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jul 15 2014

5 Snacks To Try In Singapore

Snacks in Singapore
(Photo Courtesy of bakecookeat.blogspot.sg)

This article was written by Sia Ling Xin, who travels and writes about it for Asiarooms.com, a blog and online community focused on travelling in Asia. You can also find her on Twitter.

It is undeniable that Singapore is known for great food. For all the talk about how the city-state is sterile, expensive, and without flavour, naysayers have to concede that this tiny Southeast Asian country, known as the Little Red Dot for its placing on the world map, is chockfull of strange and wonderful tastes. The dishes here may not be as famous as Thai food and not as intricate as Japanese cuisine, but they pack a certain punch those who have tried them won't forget in a hurry. The third in a series of what to eat in Singapore, here is a list of popular tea-time snacks under $3. If traipsing around under the hot sun is making you crave an afternoon pick-me-up, go ahead and order up one of these goodies, available at most hawker centers or coffee shops.

Epok epok (for the sinful eater)
Pronounced: ae-poke  ae-poke
Budget: $0.70 to $1.50
Commonly known as a curry puff, this traditional Malay snack is spicy, heaty, and addictive. Some call it the Asian version of a Calzone. Curried potatoes, onions, chopped chilli, hard boiled eggs, and chicken are enclosed within a deep-fried pastry of made of flour, salt, and butter. The result is a crispy, greasy, and extremely satisfying snack that even young kids (with a taste for spice and adventure) love. A popular variation is the sardine puff, where canned sardines are used instead of chicken. Most stalls sell both types. To differentiate, look out for a coloured dot on the pastry—red indicates curry and green, sardine.

Putu Mayam (for those who like it sweet)
Pronounced: Poo-too Mai-yum
Budget: $1.50 to $2.50
Those with an affinity for clean, simple foods will enjoy this. Rice flour mixed with coconut milk is made into vermicelli-like noodles that are steamed with pandan leaves for additional aroma. It is then served in palm-sized portions, with freshly grated coconut and date palm sugar. The plain taste of the steamed flour is a perfect accompaniment to the crunchy coconut and sugar. The sweetness level can be personalized as the coconut and sugar are served separately from the main item. It is a simple dish that everyone from the young to the old can enjoy.

Chee Cheong Fan (for those who love variety)
Pronounced: Chee Chi-ong Fun
Budget: $1 to $1.60
There are endless variations of this dimsum snack, but the basic version is made of corn, tapioca, and rice flour. These flours are steamed, rolled into thin tubes, and have a thick, sweet gravy poured over it. Some places also serve it with prawns, char-siew (a sweet barbequed meat), scallions, fried onions, sesame oil and chilli sauce. It is a very light, easy-going dish that makes a great breakfast item, midday munchie, or late night summer snack. If you find a stall that serves it with different toppings, try all of them, for they taste very different and you may feel neutral about one but love another.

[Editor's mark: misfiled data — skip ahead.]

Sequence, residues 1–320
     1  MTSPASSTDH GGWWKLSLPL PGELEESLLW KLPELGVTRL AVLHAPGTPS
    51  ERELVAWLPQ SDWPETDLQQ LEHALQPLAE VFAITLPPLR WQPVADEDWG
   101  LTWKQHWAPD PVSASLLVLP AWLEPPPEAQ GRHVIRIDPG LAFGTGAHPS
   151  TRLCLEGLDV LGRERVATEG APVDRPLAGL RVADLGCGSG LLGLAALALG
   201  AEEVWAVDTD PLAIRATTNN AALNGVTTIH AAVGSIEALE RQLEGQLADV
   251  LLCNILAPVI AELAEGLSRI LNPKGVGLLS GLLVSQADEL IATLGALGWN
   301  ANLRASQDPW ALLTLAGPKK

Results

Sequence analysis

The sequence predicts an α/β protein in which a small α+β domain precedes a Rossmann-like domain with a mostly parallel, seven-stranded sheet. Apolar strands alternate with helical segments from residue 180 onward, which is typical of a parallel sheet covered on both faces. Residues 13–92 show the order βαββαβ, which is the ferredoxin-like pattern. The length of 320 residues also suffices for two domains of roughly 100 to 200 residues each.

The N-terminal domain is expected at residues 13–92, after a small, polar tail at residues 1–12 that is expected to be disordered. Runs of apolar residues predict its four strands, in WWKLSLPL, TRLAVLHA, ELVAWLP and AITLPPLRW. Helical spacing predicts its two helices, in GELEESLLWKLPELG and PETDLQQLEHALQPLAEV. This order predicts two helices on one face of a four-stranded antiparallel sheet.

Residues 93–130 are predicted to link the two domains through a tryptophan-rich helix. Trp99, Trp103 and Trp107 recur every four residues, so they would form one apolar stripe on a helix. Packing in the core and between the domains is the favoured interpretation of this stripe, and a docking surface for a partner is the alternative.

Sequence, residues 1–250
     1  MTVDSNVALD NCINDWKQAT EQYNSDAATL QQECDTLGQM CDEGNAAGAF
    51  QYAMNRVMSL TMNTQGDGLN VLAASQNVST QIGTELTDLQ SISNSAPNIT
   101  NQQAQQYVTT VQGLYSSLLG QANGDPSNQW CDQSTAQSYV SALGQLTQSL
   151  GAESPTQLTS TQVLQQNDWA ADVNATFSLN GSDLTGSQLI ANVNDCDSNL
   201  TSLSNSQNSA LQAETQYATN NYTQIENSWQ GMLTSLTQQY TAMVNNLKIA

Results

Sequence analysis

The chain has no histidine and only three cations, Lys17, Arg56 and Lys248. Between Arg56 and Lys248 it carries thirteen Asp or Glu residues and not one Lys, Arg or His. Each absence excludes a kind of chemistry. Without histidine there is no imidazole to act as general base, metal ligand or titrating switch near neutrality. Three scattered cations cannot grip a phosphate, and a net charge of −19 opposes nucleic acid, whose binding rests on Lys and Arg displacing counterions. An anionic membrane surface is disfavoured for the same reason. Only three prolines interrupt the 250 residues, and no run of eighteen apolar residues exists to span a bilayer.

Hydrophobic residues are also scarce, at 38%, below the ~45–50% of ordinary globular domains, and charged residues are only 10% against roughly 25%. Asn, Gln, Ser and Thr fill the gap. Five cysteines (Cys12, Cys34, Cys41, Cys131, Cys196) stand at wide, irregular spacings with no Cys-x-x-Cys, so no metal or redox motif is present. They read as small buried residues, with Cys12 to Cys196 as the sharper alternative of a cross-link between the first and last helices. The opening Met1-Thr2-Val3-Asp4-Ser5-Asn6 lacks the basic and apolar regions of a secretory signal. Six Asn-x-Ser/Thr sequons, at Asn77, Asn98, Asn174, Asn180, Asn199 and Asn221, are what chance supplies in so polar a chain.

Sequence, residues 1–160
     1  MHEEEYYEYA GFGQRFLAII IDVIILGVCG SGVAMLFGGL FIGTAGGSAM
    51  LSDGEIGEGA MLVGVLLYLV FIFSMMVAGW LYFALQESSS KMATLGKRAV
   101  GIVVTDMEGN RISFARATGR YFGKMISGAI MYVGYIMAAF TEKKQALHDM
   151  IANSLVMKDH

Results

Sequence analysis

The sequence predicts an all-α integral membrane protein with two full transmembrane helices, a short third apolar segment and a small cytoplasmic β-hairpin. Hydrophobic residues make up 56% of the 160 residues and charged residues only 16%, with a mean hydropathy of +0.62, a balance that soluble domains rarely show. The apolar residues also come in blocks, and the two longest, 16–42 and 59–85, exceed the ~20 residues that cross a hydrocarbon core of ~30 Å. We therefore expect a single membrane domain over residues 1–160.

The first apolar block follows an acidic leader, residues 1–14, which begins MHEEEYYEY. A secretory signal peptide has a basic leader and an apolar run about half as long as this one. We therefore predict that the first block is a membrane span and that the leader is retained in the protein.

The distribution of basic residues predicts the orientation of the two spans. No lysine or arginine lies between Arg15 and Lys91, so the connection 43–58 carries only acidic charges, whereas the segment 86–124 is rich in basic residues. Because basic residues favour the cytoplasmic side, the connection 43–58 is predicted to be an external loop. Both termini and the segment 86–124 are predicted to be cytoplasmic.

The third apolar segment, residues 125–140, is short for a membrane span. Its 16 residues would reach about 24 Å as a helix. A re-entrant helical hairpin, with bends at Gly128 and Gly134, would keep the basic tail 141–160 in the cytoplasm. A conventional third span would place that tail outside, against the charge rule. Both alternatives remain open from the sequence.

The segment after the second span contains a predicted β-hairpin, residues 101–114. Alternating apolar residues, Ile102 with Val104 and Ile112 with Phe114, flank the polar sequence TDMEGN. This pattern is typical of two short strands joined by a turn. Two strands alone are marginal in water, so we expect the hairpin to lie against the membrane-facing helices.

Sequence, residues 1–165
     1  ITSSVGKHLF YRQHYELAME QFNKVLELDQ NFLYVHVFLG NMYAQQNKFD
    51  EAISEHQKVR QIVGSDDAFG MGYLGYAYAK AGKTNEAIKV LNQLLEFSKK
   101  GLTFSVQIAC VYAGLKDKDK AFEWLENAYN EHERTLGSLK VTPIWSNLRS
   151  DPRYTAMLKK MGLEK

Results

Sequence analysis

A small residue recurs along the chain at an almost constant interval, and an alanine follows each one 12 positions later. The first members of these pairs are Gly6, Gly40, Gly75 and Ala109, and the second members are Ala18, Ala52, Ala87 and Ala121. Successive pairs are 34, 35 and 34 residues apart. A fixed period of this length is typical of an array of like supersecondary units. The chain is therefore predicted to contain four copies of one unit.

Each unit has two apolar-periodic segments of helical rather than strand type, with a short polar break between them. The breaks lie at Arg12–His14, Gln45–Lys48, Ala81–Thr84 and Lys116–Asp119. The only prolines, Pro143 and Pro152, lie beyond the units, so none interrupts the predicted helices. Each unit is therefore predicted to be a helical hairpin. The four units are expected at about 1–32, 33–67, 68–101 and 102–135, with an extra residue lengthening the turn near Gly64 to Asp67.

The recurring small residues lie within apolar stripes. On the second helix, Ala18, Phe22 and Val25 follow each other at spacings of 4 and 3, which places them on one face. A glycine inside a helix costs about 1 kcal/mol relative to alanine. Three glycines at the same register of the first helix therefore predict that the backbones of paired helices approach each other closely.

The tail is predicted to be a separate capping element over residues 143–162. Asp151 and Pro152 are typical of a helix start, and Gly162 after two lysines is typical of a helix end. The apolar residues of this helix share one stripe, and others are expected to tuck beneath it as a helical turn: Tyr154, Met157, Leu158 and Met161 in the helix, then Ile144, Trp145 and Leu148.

Steamed bun (for vegetarians and more)
Pronounced: Bao
Budget: $0.80 to $1.80
Same as with the Chee Cheong Fan, there are many types of steamed buns. The usual suspects: char siew bao (a sweet, charred pork filling), da bao (which means big bun, and filled with pork, cabbage, egg, scallions), lian rong bao (a sweet lotus paste), dou sha bao (red bean paste, similar to the Japanese azuki bean but in a jam form). Vegetarians can ask for the zhai-bao, usually filled with a delicious mish-mash of local vegetables cooked to a stew-like consistency. Depending on if you want a sweet or savoury snack, just a tiny bite (usually the sweet buns are smaller) or have a rip-roaring appetite (go for the big bun), a well-stocked bao stall will be able to cater to your every whim.

Mi Chaim Kueh (for the pancake lovers)
Pronounced: Me Jee-arm Ku-ae or mee-ann jee-ann kow
Budget: $1 to $2.50
Imagine a super-thick and gummy pancake, filled with crunchy crushed peanuts and topped with another layer of the uber-chewy pancake—that's what this snack is like. Instead of just a limp, flour-y mix, the pancake is moist and slightly yeasty. A well-made pancake has lots of little holes for air, and a crispy, slightly charred exterior. Insist that yours is made fresh upon order, or run the risk of it tasting flat and cardboard-like. Nowadays, new-fangled flavours like chocolate, blueberry and kaya (coconut jam) are available, but always try the original crushed peanut filling first.

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Note:This story was accurate when it was published. Please be sure to confirm all rates and details directly with the companies in question before planning your trip.

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